CHICAGO — A Norwood Park hospital is receiving hundreds of phone calls and emails, pressuring doctors to provide a patient with a controversial and unproven medicine to treat COVID-19.
The barrage of phone calls and emails comes as followers of the conspiracy group QAnon demand AMITA Resurrection Medical Center on the Northwest Side treat a fellow supporter hospitalized with COVID-19 with ivermectin.
Animal formulations of the drug are approved to treat parasites in livestock and ivermectin tablets at specific doses are used to treat parasitic worms in humans. But outside of clinical trials, federal regulators, the American Medical Association and the maker of the drug are warning people not to take the medication to fight COVID-19.
During a Facebook Q & A session, Chicago’s top doctor echoed those concerns.
“First and foremost, do not ever, please, take any medicine that is formulated for animals,” said Dr. Allison Arwady, Commissioner of the Chicago Department of Public Health. “It’s dangerous and it can really be a problem. There are some trials that are going on looking at ivermectin, just like there have been trials looking at other medications. We don’t have any evidence at this point, certainly, that it does anything to prevent Covid, just to be really clear about that.”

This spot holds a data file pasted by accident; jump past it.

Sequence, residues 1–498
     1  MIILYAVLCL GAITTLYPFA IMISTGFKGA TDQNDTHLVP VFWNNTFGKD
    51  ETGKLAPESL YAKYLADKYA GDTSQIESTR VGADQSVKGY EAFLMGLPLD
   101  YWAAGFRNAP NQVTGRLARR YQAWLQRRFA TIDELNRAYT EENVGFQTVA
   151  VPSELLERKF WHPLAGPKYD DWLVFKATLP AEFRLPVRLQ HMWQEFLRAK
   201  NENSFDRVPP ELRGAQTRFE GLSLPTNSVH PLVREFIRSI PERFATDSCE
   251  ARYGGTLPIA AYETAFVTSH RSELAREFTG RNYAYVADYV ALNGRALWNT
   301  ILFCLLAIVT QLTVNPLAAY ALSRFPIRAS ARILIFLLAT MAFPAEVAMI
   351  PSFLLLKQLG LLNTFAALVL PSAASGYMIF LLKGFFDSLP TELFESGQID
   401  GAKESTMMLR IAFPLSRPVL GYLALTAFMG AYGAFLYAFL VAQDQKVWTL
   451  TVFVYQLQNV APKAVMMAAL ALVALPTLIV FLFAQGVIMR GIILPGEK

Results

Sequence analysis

Across the country, some people have sued hospitals to get ivermectin treatment. After a judge ordered Edward-Elmhurst hospital to allow a female patient to receive the medication, the family posed online that she improved.
A spokesperson for AMITA says the health and safety of patients is their first priority in an emailed statement:
“Our physicians and clinicians follow the full guidance of the FDA and the CDC in the treatment of COVID-19. While AMITA Health Resurrection Medical Center has received hundreds of phone calls and emails associated with one patient’s care, we have simply and respectfully noted the concerns shared.”Statement from a spokesperson with AMITA Resurrection Medical Center
“I am a little surprised, I guess, that there are people who want to take a veterinary medicine that is not FDA approved,” says Arwady, “but don’t want to take a vaccine that has had really widespread human trials and is approved.”